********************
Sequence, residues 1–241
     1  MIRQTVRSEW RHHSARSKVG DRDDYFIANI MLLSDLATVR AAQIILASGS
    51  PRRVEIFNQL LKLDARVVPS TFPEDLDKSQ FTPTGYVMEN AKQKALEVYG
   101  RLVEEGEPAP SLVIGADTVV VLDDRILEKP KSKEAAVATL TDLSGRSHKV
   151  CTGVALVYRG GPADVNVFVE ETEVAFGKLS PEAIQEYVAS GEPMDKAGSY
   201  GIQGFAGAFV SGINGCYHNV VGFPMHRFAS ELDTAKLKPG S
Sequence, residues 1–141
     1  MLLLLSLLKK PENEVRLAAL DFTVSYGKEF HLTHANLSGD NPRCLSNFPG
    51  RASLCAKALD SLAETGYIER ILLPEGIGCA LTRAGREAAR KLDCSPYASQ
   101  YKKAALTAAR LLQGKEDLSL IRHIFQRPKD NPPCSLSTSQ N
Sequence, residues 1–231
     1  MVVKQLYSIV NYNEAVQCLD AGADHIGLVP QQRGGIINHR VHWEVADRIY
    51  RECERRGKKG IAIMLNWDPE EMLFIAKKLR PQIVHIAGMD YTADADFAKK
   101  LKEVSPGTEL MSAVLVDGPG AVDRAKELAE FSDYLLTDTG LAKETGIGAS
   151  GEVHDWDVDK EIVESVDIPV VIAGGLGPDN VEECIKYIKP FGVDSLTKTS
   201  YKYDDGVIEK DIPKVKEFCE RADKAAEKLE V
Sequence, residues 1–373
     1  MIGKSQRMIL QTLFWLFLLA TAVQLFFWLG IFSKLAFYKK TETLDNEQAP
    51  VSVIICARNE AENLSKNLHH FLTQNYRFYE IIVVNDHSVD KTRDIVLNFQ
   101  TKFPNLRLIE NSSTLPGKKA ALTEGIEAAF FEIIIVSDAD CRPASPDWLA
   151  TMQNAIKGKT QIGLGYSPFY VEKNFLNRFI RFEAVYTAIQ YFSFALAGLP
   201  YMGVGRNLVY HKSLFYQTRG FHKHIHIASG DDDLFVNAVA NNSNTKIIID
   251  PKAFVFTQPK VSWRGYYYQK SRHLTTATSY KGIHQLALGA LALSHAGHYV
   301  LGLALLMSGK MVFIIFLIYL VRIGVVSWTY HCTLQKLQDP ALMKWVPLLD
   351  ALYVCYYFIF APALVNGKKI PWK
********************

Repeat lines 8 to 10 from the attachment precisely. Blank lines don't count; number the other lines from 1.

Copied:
     1  MLLLLSLLKK PENEVRLAAL DFTVSYGKEF HLTHANLSGD NPRCLSNFPG
    51  RASLCAKALD SLAETGYIER ILLPEGIGCA LTRAGREAAR KLDCSPYASQ
   101  YKKAALTAAR LLQGKEDLSL IRHIFQRPKD NPPCSLSTSQ N